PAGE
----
FIG. 64 illustrates the anchor assembly 221. The anchor assembly 221 can comprise one or more anchors 241. The anchor assembly 221 can comprise about or at least about one anchor, two anchors, three anchors, four anchors, five anchors, six anchors, seven anchors, eight anchors, nine anchors, ten anchors, or more than ten anchors 241. The illustrated embodiment shows three anchors, but other configurations are contemplated. The anchor assembly 221 can include the anchor pusher 240. The anchor pusher 240 can include an elongate member comprising a shaft. The anchor pusher 240 can be extended proximally within the dual lumen shaft 243. The anchor pusher 240, or a portion thereof, can pass proximally through the proximal catheter assembly 224. The anchor pusher 240, or a portion thereof, can pass proximally through the pusher lock 246. The anchor pusher 240, or a portion thereof, can be connected to the luer hub. The anchor assembly 221 can be contained in the dual lumen shaft 243. The one or more anchors 241 can be coupled at a distal end of the anchor pusher 240. The one or more anchors 241 can be one anchor or a plurality of anchors 241. The anchors can be connected to the anchor pusher 240 in series, and regularly or irregularly spaced apart. In some embodiment, the diameter of the anchor 241 when expanded is smaller than the diameter of the capture guide 204 when expanded. In some embodiment, the diameter of the anchor 241 when expanded is smaller than the ALTC device 201 when expanded. The anchor 241 can be designed to fit within the ALTC device 201 when the ALTC device 201 is expanded. In some embodiments, the anchors can form symmetric or asymmetric loop shapes to circumscribe and stabilize a portion of the clot. In some embodiments, the anchors can be an mesh or braided element. In some embodiments, the anchor can be a balloon. In some embodiment, there can be a combination of braided mesh and balloon. In some embodiments, the anchors 241 can have a portion that extend radially outwardly from the elongate member in which they are attached.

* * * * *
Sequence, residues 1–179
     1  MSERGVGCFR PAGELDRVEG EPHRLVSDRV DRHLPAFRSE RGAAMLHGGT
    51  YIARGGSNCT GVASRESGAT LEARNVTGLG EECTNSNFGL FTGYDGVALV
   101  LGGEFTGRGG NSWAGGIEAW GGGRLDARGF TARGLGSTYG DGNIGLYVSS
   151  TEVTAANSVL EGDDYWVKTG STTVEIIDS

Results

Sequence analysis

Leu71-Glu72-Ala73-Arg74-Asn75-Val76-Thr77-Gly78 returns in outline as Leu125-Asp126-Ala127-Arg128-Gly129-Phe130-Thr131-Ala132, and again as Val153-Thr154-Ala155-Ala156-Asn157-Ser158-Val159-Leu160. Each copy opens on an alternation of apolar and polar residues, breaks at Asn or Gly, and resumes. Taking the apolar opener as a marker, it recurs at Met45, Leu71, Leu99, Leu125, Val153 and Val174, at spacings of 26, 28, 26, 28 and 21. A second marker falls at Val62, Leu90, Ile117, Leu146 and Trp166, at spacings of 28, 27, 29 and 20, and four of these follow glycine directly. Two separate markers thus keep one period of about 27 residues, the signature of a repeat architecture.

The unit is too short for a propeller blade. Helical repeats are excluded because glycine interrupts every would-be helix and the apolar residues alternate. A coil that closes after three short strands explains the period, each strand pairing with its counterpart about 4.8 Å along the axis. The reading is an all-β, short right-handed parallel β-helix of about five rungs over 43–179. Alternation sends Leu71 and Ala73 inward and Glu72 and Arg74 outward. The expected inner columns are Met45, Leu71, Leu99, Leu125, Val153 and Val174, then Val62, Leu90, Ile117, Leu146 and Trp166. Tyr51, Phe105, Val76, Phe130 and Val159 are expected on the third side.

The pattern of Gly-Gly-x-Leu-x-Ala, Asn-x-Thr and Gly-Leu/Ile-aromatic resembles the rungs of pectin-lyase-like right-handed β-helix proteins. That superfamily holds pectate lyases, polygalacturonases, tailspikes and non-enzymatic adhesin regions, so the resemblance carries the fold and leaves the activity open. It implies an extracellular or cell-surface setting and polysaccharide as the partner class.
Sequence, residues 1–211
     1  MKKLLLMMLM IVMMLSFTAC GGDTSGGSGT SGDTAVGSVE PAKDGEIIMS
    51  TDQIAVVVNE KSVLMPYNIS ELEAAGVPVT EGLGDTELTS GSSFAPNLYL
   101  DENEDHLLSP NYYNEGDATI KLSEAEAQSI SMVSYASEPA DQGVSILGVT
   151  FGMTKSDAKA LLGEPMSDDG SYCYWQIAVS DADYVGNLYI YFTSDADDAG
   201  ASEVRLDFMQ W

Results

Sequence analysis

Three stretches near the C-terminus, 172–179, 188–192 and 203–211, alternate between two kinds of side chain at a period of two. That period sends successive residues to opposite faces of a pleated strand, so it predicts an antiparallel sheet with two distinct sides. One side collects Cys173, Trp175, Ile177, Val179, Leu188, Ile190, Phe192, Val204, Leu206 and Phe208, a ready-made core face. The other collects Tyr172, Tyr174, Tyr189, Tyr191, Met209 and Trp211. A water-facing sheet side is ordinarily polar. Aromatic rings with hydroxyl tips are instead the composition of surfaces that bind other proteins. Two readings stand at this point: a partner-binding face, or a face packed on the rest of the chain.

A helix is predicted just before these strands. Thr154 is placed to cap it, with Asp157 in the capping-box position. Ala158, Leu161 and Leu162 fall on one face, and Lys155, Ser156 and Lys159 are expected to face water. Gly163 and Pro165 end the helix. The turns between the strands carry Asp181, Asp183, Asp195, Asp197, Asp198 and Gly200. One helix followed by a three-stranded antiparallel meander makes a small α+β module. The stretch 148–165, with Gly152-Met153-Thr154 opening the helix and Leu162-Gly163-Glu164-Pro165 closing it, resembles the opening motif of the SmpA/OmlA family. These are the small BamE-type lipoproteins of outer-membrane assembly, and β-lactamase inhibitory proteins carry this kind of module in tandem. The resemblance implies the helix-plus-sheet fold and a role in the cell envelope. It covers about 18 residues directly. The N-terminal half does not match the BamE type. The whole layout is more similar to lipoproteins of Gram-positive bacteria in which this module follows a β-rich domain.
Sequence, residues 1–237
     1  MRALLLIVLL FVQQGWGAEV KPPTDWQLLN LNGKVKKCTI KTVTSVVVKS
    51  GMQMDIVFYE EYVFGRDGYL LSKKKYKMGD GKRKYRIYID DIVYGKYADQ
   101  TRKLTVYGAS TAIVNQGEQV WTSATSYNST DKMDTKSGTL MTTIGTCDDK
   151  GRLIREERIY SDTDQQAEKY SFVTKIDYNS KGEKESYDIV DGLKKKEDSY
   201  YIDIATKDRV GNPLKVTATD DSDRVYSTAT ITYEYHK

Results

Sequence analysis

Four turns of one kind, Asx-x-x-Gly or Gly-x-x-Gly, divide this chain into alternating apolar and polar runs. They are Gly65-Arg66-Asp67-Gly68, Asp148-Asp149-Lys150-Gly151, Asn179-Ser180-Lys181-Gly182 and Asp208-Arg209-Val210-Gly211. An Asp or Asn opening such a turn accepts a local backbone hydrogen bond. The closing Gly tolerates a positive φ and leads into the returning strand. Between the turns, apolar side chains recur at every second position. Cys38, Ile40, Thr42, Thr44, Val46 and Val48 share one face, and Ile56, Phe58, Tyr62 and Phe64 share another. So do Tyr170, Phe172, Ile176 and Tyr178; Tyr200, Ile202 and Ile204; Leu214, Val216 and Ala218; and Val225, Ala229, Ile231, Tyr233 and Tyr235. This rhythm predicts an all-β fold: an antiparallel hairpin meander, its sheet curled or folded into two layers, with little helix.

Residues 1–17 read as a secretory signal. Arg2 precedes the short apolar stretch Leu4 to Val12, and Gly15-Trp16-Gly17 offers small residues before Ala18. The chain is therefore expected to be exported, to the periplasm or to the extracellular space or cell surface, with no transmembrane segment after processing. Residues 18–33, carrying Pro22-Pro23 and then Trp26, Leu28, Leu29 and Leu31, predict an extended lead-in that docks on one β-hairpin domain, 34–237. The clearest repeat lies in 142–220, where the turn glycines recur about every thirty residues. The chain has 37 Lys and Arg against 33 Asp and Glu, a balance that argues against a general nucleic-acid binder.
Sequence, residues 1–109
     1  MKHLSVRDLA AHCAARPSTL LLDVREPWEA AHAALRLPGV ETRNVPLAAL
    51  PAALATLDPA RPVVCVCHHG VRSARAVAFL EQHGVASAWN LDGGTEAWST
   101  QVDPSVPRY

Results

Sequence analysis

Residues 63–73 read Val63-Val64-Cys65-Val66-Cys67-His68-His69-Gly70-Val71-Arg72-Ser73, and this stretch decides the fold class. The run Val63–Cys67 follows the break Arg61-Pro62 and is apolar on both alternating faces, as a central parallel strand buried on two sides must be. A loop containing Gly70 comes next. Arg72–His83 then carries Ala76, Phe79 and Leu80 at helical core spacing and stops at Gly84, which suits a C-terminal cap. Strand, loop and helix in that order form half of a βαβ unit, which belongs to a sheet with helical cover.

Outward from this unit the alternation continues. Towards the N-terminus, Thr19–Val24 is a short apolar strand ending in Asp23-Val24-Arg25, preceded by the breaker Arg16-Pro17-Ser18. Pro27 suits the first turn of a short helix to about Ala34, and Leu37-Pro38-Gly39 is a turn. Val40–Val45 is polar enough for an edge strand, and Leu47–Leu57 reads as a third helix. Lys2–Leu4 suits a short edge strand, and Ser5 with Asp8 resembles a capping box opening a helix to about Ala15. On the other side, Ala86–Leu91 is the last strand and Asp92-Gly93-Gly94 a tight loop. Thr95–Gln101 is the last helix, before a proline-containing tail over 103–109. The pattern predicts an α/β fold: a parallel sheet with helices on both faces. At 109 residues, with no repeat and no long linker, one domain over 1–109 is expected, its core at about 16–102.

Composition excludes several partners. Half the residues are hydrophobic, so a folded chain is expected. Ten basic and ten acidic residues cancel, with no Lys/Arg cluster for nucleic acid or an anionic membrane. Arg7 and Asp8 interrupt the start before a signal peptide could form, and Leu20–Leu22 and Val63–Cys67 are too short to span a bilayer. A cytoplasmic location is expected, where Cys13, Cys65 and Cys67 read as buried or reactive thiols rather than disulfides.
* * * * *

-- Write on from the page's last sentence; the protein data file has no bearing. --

FIG. 65 illustrates a side view of the distal end of the ALTC device 201 and the anchors 241. The anchors 241 can include or be similar to any of the features of capture guide 204, 244 described herein. Each anchor 241 can form a continuous shape, or a discontinuous shape in other embodiments. Each anchor 241 can include leg elements 228. The leg elements 228 can transition the anchor 241 from an axial direction to a perimeter shape. The perimeter shape can be circular as shown in FIG. 64. The anchor 241 can form a continuous loop. The anchor 241 can include a non-continuous perimeter such as a non-continuous loop. The anchor 241 can be made of a metallic material. In some embodiments, the anchor 241 is formed of a shape-memory metal such as Nitinol. The anchor 241 can be circular, elliptical, semi-circular, or any combination thereof. Each anchor 241 can include a pre-shaped curve. Two or more anchors 241 can have the same pre-shaped curve. Two or more anchors 241 can have a different pre-shaped curve. The pre-shaped curve can be formed during the manufacturing of the anchors 241. The pre-shaped curve can be a neutral or expanded shape of the anchors 241. Upon release of a constraint, the anchors 241 can assume the pre-shaped curve. The pre-shaped curve of the anchors 241 can be similar to the pre-shaped curve of the capture guide 204. The anchors 241 can have a different radius of curvature from the capture guide 204. As described herein, the anchors 241 can have a smaller diameter than the capture guide 204. Alternatively, the anchors can have the same or larger diameter than the capture guide. In some embodiments, the anchors include barbed elements to attach to a clot. In some embodiments, the anchors are atraumatic and do not include any barbed or other sharp surfaces.